We’re up early. Bob and Jarrett have the van packed and ready for my suitcase by the time I open my motel door. We all want out of here. But first we walk over to the Days Inn for the low-rent free breakfast. We each eat a bowl of cereal and vow to stop for decent coffee first chance we get.
Then we’re back onto the Salt Flats. It’s smooth effortless driving. We notice that every time there’s an occasional cross road, it usually passes overhead on an overpass, and Bob says that the terrain is so flat that even that little rise might give us a bit of view, and we ought to stop to grab a few shots.
So we stop. We get out the tripod and shoot both ways, east and west. You can see our shadows in the photo. Who knows if we’ll use this stuff, but it’s stark and weirdly beautiful.
As on the trip west, I really like the road signs that say DROWSY DRIVERS PULL OVER IF NECESSARY. The sentiment seems so civilized and considerate, so unlike a Department of Motor Vehicles directive. I guess when you’re on this relatively narrow, flat and straight causeway-like path across the salt flats, you might wonder, “If I’m sleepy, what should I do?” The answer is on the sign.
We nonchalantly wave at Tooele, Saltair, Magna and Salt Lake City as we pass. We decide it’s too early for lunch at Park City and we zip across Utah in a flash.
Wyoming is next. We remember a great Mexican lunch in Green River and decide to see if we can find another restaurant there that looks worth a try. We drive through town and like the slightly goofy style at the Buckaroo Family Restaurant, so we pull into the lot.
It’s afternoon but Bob decides to get breakfast (that cereal this morning just didn’t make it, and hey, breakfast is good 24 hours a day), Jarrett gets a salad, and I get the soup du jour, bean with bacon. It’s buckaroo.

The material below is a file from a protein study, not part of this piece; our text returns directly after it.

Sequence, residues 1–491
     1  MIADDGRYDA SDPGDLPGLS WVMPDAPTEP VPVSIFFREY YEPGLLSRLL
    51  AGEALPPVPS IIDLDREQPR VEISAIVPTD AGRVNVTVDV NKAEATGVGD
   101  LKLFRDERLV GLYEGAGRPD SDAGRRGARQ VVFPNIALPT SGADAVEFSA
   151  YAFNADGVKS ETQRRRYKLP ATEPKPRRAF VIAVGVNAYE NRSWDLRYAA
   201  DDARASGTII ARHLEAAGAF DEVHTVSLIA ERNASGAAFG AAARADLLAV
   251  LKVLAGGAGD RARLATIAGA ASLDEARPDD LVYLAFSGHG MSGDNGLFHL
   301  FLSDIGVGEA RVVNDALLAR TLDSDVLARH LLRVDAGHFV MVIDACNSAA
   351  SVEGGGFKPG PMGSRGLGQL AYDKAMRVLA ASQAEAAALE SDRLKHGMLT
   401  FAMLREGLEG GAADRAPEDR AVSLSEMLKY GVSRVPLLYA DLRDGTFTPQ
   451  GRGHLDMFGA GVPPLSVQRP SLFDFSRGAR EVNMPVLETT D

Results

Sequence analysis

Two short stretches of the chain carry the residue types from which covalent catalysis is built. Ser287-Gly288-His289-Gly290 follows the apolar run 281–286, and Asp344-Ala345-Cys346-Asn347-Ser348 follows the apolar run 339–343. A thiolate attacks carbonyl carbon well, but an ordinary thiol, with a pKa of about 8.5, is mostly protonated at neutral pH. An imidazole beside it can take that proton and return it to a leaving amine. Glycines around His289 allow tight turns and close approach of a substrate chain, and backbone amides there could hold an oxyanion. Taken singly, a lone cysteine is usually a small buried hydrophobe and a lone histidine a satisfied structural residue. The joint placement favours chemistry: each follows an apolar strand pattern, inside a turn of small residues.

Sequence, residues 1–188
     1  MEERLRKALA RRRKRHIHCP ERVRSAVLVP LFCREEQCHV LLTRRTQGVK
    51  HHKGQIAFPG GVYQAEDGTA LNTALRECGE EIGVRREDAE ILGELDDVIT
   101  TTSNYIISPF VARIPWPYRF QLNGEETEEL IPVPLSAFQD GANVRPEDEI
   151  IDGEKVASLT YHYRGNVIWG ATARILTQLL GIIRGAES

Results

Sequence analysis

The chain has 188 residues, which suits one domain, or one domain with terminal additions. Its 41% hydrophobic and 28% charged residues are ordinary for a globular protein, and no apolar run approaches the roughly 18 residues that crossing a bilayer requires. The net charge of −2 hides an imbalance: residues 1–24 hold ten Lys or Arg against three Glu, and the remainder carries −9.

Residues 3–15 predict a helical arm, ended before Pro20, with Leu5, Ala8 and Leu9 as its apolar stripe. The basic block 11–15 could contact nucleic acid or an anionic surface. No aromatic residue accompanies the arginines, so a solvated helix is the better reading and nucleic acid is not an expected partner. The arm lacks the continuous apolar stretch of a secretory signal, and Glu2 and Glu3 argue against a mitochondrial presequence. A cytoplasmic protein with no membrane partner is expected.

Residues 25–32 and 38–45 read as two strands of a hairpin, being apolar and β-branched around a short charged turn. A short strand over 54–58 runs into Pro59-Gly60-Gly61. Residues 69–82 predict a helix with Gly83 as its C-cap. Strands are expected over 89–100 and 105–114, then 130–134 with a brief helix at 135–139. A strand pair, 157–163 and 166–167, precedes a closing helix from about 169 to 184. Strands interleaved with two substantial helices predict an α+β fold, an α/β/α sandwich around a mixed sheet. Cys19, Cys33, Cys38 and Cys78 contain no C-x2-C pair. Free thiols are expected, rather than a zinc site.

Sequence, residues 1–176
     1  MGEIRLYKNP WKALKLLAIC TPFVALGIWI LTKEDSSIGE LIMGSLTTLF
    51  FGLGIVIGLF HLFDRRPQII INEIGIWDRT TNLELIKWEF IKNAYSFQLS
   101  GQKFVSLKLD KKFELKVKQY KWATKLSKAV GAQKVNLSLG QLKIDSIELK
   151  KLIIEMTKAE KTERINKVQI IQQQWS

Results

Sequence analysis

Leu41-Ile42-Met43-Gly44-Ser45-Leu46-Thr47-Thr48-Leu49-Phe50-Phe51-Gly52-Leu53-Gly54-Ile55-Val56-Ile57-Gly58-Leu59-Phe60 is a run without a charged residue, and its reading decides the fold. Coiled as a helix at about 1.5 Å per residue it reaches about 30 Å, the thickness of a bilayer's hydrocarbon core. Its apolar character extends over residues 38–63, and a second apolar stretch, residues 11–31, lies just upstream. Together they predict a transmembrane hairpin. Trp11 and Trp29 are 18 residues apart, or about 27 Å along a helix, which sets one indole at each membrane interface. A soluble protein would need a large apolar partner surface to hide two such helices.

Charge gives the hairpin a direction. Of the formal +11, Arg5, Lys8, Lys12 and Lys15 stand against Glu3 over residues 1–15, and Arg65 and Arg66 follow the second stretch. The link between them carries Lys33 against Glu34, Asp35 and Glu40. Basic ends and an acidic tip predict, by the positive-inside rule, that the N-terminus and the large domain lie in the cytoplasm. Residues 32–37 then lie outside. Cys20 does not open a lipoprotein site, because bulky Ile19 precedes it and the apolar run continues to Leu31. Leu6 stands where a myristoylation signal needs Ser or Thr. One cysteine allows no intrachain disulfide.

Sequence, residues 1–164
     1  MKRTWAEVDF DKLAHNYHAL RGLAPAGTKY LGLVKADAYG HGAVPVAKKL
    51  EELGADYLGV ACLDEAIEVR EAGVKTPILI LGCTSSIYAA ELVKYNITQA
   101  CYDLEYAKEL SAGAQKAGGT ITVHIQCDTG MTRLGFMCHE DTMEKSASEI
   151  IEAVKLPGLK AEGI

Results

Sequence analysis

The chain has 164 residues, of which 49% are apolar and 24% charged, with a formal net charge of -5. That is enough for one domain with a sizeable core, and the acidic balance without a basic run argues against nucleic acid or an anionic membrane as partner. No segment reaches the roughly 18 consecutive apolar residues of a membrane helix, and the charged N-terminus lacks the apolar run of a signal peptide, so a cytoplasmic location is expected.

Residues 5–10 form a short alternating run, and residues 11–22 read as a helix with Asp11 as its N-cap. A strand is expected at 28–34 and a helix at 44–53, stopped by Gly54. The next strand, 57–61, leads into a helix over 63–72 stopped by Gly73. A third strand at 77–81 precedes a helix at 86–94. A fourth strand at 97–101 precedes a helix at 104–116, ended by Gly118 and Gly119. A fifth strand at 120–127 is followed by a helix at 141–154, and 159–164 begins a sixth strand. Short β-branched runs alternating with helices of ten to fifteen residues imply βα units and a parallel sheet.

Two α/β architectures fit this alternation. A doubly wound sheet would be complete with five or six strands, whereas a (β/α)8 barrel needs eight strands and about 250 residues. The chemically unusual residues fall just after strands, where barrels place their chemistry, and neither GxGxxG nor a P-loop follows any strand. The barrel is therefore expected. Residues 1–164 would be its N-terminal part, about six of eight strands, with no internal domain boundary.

The three waitresses are attentive and fun, and there are few customers here on this Sunday afternoon. We listen to the waitresses’ chatter as they take care of various chores around the restaurant, and one of them mentions the Steelers. Bob says Yeah, Go Steelers! and we find out the one waitress, Kara, is from Johnstown, Pennsylvania, and she moved out here with her mom, but she really misses western Pennsylvania. “There’s nothing like the Steelers out here. People think I’m crazy to be such a fan.” She also confesses she’s really not from Johnstown but from the small town of Tanneryville, PA.
So, we’re in the middle of Wyoming, the landscape around this town is extraordinary (see my blog entry titled “Geology. Yesterday was Day 8” from August 28) and we’re in Buckaroo’s, a family restaurant with a cowboy theme. Who do I think of? Fred Rogers. Mister Rogers. We all knew him for years at WQED in Pittsburgh, and I got to interview him once for a couple of hours. I remember asking him about his early work at NBC in New York when he worked with people like Kate Smith and Gabby Hayes.
FRED: Oh well, I floor-managed his program every once in a while. Gabby Hayes would introduce western films, and then we’d go into the film, and we’d have lots of time to talk in between.
GABBY: Well, howdy, buckaroos! It’s your old pal Gabby Hayes, comin’ at you with another one of them rip-roarin’ western yarns. Ha! Ye’re darn tootin’! Yessiree, Bob.
FRED And so one day I said, “Mr. Hayes, what do you think of when you look at the camera, and you know there are so many people watching you?” And he said, “Freddie, I just think of one little buckaroo.” And I thought that was superb advice for anybody who would ever be thinking of television. He evidently thought of one child. Now I don’t think of any one particular child, but I think of the children I know and many of the aspects of life that they’re dealing with. And I don’t think of a whole lot of people when I look at the television camera. It’s a very, very personal medium.
So, out in Wyoming, at Buckaroos, I’m thinking of Fred and Gabby and their advice for on-camera personalities.